It's all a whole lot of fun and Carell and Fey are excellent as the disbelieving duo from New Jersey who suddenly find themselves involved in some particularly nasty municipal dealings. Lives are never at risk but there are moral and political issues at play here which are worth exploring. The relationship of the outer suburbs to the grimy centre is one of distrust and fear in a lot of cities in the developed world. This film takes all the cliches - drawing them haphazard from film and other popular culture products - and injects a heavy dose of unreality so that the suburban world view comes out firmly on top.

Wednesday, 25 August 2010

KatWinShott - the three party-busting cowboys from regional New South Wales and Queensland: Bob Katter, Tony Windsor and Rob Oakeshott - are turning the big house upside down by placing a different set of demands on the table before declaring which of the major parties they will support in the wake of the recent election.

Note how the evening news has changed. There's no longer a reliance on mind-numbingly dull press conferences where the relevant leader tries as hard as possible to score points against the other group. No more sound bites and repetitious slogans (tick). What we see instead are shots of party leaders sitting around tables, talking (tick).

The three have the power to give government to either the Labor Party or the Liberal-Nationals Coalition. In addition, there's the newly-elected renegade Nationals MP from Western Australia, Tony Crook, who wants to sit on the crossbenches as well. And then there's the likely winner of the seat of Denison, in Tasmania, the independent Andrew Wilkie. He has not declared his hand either but refuses to sit with KatWinShott, which he says is a de-facto party with three factions. And then we have the Greens' Adam Bandt, who has declared for Labor.

The demands KatWinShott have made are of a different order from what we're used to. Already, commentators have expressed frustration at the new paradigm that is ruling Australian politics (at least temporarily). The knives are being sharpened.

But the three are armouring themselves with mildness and conciliation (tick). They want to talk with portfolio holders - the ministers and shadow ministers current in the caretaker mode administration. They want costings to be released to them. They want to reform Question Time, political donations, TV advertising rules. (Tick, tick, tick, tick, tick.)

They're asking to be allowed to do something to address the voters' dissatisfaction with 'the system', and these requests are part of that push to increase transparency and to make Parliament more representative of the People.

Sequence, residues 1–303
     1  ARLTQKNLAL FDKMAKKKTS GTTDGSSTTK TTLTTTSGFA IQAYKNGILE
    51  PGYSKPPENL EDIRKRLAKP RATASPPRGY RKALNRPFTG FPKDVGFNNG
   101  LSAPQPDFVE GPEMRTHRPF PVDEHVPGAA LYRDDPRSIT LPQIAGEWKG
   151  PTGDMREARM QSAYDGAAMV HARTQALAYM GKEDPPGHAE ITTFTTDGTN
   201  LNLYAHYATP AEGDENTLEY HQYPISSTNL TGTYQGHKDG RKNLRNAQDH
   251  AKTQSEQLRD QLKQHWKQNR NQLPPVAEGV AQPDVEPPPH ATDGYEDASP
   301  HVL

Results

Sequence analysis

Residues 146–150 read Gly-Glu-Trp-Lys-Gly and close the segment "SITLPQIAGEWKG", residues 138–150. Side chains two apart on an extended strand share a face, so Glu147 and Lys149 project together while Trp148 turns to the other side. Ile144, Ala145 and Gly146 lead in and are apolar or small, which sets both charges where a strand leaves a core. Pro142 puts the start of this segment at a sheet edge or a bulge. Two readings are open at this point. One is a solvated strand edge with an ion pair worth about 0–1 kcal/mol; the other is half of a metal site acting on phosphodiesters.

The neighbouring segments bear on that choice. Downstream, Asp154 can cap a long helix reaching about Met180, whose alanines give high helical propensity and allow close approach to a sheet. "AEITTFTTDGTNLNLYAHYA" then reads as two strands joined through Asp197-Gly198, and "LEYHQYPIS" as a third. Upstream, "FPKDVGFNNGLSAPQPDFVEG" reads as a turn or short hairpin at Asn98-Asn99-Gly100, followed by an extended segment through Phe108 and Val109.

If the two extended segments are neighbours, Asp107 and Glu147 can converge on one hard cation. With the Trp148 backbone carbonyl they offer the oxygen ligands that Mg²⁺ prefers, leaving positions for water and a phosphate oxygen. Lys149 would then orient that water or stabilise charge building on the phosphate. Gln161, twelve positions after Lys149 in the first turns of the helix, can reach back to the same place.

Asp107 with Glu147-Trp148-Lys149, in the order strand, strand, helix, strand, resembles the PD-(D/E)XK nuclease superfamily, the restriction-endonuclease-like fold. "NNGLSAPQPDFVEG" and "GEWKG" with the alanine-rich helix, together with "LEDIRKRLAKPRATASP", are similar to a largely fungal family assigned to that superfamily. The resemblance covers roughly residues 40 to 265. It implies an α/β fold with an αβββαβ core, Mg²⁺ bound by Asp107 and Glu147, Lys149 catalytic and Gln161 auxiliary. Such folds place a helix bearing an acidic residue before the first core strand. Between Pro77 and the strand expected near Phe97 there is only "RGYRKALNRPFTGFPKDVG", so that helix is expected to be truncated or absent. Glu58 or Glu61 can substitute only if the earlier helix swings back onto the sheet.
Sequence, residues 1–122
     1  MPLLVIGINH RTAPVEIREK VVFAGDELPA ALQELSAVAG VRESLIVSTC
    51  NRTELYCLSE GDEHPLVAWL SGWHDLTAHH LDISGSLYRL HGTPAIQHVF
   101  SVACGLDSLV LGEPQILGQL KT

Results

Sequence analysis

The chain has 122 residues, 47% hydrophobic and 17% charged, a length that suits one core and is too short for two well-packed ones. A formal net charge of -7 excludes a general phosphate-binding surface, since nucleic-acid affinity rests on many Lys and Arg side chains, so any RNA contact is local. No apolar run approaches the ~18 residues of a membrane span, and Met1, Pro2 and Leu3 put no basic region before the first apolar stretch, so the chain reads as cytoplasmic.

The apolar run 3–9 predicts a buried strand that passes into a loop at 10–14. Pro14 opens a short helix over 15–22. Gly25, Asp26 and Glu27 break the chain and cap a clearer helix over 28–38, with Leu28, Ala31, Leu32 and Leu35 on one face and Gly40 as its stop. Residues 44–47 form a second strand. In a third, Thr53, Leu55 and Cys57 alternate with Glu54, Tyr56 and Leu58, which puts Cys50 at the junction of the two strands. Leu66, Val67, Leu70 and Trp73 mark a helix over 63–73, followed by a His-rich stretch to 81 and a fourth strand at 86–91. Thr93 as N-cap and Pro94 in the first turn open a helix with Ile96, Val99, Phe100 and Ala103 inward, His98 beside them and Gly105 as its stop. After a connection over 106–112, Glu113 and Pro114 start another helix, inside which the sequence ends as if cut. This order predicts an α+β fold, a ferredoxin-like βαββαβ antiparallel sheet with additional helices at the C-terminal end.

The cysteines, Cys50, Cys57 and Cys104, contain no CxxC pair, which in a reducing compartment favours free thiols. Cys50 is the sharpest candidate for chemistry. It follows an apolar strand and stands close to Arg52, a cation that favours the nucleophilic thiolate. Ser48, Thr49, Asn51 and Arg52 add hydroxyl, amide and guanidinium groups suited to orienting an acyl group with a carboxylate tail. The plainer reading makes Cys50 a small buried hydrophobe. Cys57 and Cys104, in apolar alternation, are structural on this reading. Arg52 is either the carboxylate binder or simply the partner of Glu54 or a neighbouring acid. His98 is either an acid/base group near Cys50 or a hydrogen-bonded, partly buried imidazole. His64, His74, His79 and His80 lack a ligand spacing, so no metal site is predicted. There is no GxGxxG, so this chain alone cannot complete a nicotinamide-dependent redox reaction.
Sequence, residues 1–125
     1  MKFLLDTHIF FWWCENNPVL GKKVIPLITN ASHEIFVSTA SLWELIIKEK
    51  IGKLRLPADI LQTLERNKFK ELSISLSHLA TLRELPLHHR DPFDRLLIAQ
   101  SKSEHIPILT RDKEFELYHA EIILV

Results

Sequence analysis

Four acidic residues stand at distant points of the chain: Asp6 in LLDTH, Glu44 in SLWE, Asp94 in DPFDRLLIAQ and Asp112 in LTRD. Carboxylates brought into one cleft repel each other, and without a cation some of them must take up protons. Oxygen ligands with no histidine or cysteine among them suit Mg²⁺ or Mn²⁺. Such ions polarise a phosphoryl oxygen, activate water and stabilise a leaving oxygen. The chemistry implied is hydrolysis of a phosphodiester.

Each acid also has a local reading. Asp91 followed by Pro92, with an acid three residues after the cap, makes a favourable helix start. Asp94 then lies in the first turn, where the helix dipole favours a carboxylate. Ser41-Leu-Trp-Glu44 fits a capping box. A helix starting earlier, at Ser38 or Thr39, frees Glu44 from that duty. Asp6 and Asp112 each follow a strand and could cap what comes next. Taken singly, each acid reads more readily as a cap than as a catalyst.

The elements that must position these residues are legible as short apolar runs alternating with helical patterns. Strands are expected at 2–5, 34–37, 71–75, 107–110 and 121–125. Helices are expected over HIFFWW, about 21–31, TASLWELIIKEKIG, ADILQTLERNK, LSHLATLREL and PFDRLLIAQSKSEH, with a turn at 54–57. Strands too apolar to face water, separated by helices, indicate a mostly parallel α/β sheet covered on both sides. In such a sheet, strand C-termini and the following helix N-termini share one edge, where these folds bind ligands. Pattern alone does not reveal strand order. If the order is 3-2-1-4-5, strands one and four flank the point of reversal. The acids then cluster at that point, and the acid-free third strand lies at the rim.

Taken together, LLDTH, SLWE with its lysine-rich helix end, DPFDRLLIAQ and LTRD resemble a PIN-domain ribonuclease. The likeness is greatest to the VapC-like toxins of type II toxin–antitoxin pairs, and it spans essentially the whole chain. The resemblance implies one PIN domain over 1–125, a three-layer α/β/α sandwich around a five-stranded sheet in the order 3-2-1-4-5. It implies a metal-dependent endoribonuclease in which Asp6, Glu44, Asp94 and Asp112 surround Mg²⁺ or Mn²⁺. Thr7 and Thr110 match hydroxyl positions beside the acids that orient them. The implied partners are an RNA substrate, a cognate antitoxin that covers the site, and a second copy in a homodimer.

They want private members' bills to be given more space in Parliament, for example (tick). After all, there's no mention in the Constitution of political parties but it is the parties that are the major focus of the status quo. KatWinShott says this is a perversion of the system.

Rob Oakeshott also says that multi-party governments are the norm elsewhere, so why not here?

So while the punters continue to watch the polls carefully and the party leaders continue to make conciliatory noises on and off, let's slow down a little and listen to the voice of reform. It might just be that the result of all this negotiation is a system that better represents what we want, rather than feeding a machine that has clearly come very close to rusting up completely.

Tuesday, 24 August 2010

Although the Australian Electoral Commission (AEC) doesn't tell you this, there are 146 seats that are now clearly assignable to one party or the other. The Coalition and the Labor Party are trending close to two-party-preferred parity.

Labor nominally has 72 seats and the Coalition nominally has 70. We already know that there are three independent MPs and there is one Greens MP.

Of the four remaining electorates - one in Western Australia, one in New South Wales, one in Victoria and one in Tasmania - the Coalition seems to be ahead on the count in three. Labor is leading on the count in the Tasmanian seat of Denison against a successful-looking independent, Andrew Wilkie.

But since postal votes can legally be accepted up to two weeks after polling day, indecision looks set to continue into the near future. In the meantime, the three independents have travelled to Canberra - or are now on the way there - to start discussions with the major parties about setting up a Parliament.

Stability is key. Tony Windsor from the seat of New England said so many times last night on the ABC's Q & A program and Rob Oakeshott from the neighbouring seat of Lyne echoed the notion. There's no point in establishing a government that will collapse in three weeks' time, to paraphrase Windsor.